Thursday, June 2, 2011

The State of Ontological Systems and Systems Ontology

Google comes up with 0 hits for ["philosophy of science" "ontology of state-space"]. So I searched ontology of systems (since state space is the mathematical classification of systems), and it seems that the ontology of systems IS the state space. That is utter circularity. That is the perverse effects of metrics at the heart of human cognition. Taxonomy does not equal reality. Our habits are deeply wired.

4 comments:

  1. Ontology means the study of being. The ontology "of" something, it seems to me, can't mean much more than the mere study of it. Wouldn't the ontology of biology just be biology? Do you see my point?

    Many people just reject ontology, and metaphysics in general, as meaningless or futile; but if you're going to actually weigh in on an ontological question (What exists? What does it mean to exist?) then you can't do it through mathematics, which entirely sidesteps such questions (as does any science; there is no such thing as scientific ontology).

    Is it your view that we should reject ontological thinking or dogma in general (as Pragmatists do, e.g.)? Or are you taking up a position with respect to what the legitimate scope of ontology is? Or have I misunderstood entirely?

    ReplyDelete
  2. I agree with you about mathematics.

    The ontology of something is the question concerning the existence of the "something". I'm not thinking we should reject ontology as dogma, but my curiosity is more specific and down to earth.

    The reason I think the question is important follows from the previous post on initial conditions. I'm having trouble expressing the idea, but it's something like this: When we investigate a dynamic system in nature, what defines the boundaries of that system? I'm intrigued by Kauffman's account of Darwinian pre-adaptations and his hypothesis that the state space cannot be specified for things like the evolution from jaw bones to ear bones. I'm also very interested in the idea that for machine systems, we place the conditions "by hand". My instinct is that there's some sleight going on in that. My hypothesis would be that prediction and control are in principle only possible for those things that we already can control (conditions we can place by hand...not everything is like that), and the idea of the universe as some big predicatable machine (in principle) is a figment of our philosophical hubris.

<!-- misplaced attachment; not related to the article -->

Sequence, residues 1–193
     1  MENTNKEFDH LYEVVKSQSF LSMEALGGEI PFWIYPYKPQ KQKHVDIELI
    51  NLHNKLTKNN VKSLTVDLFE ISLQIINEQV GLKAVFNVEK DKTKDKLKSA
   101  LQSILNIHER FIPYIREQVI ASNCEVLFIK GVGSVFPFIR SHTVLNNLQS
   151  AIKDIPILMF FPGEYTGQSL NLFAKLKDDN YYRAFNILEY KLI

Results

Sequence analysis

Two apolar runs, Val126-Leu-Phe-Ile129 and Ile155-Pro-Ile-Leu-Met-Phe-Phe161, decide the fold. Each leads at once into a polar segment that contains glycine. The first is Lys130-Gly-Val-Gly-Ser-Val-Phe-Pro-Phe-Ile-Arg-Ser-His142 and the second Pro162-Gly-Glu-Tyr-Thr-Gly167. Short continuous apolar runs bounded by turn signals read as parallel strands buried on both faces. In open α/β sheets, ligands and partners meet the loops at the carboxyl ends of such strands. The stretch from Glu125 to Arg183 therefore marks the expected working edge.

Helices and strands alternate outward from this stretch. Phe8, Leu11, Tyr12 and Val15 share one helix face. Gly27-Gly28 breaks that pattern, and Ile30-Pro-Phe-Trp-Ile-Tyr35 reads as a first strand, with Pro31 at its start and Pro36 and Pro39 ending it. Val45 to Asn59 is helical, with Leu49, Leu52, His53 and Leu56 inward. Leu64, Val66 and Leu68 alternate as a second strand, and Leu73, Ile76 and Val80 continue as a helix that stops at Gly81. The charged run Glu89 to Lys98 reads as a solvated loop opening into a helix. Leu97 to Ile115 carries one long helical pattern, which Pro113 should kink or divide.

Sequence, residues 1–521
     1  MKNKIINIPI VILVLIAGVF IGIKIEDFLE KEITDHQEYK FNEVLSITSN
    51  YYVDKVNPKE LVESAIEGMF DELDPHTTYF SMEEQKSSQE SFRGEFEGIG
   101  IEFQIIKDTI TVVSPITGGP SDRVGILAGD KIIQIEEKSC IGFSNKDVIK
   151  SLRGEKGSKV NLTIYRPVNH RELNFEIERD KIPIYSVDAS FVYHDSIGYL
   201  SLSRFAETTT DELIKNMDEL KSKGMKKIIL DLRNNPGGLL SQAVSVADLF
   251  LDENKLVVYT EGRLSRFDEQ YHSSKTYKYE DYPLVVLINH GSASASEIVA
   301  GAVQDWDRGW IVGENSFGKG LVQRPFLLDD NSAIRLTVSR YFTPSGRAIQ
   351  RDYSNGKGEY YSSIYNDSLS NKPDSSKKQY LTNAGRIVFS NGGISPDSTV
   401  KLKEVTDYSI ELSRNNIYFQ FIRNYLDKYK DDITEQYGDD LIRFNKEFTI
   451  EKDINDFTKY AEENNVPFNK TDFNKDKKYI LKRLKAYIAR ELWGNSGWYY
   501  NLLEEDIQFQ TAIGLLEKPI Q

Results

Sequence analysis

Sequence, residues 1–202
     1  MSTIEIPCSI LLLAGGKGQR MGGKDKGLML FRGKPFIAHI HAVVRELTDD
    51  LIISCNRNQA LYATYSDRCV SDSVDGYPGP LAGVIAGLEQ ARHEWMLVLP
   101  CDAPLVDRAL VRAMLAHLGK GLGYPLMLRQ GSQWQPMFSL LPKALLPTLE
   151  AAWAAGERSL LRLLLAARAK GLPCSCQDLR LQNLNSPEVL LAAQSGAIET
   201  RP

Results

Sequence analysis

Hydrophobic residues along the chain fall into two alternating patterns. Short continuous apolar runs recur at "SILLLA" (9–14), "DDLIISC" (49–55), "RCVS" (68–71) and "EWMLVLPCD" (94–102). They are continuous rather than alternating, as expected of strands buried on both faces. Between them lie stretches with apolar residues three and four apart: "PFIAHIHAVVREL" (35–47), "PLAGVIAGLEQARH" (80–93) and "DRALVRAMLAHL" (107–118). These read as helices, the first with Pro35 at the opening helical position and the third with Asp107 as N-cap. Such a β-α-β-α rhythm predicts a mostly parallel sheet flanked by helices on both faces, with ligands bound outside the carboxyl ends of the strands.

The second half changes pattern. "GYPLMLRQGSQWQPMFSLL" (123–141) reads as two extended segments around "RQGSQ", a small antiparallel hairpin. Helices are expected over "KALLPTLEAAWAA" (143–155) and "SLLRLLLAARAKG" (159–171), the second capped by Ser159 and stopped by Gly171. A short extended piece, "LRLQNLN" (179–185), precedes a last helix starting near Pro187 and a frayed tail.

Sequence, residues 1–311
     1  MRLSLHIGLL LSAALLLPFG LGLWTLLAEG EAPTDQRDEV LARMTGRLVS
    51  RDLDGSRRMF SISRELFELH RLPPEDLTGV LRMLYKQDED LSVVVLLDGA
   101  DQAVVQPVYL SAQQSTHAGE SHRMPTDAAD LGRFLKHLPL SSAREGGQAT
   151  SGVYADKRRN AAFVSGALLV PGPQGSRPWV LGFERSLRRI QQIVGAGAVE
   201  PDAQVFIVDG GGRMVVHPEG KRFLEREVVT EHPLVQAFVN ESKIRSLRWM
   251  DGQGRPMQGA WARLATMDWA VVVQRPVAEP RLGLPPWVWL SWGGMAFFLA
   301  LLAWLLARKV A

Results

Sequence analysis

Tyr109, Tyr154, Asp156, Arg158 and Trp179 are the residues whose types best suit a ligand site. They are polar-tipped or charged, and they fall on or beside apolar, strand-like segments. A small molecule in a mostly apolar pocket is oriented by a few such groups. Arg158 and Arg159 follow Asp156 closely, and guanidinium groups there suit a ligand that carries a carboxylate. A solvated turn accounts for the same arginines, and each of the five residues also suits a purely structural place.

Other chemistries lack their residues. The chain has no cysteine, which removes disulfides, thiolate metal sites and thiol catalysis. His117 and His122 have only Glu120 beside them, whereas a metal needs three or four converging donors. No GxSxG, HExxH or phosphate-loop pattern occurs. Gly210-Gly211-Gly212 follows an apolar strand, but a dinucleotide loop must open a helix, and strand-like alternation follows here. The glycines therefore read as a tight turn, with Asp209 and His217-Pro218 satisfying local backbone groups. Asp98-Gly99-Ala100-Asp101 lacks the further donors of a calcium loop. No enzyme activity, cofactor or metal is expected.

I'm still working this out, thinking out loud as it were. Your questions help.

    ReplyDelete
  3. http://en.wikipedia.org/wiki/Fundamental_ontology

    In Being and Time, Martin Heidegger made the distinction between ontical and ontological. Ontical refers to a particular area of Being, whereas ontological ought to refer to Being as such. The history of ontology in Western Philosophy is, in Heidegger's terms, properly speaking ontical, and ontology ought to designate fundamental ontology. He says "Ontological inquiry is indeed more primordial, as over against the ontical inquiry of the positive sciences"

    This is a useful distinction and probably a lot tidier if we ditched the "ontical" and just said 'taxonomy'. Still it doesn't seem that we can get away that easily. When I think about A = A, I still wonder in what sense A is at all and to help that along I think maybe it's one of these or maybe one of these other things.

    ReplyDelete
  4. Boldly going with a metaphor drawn from physics where non-physicists should never go: Assume that every actuality is a "collapse" of avenues of potentiality, occasioned by a critical mass of "interactivity". What then becomes of A=A? And then,how are the system's parameters arrived at?

    ReplyDelete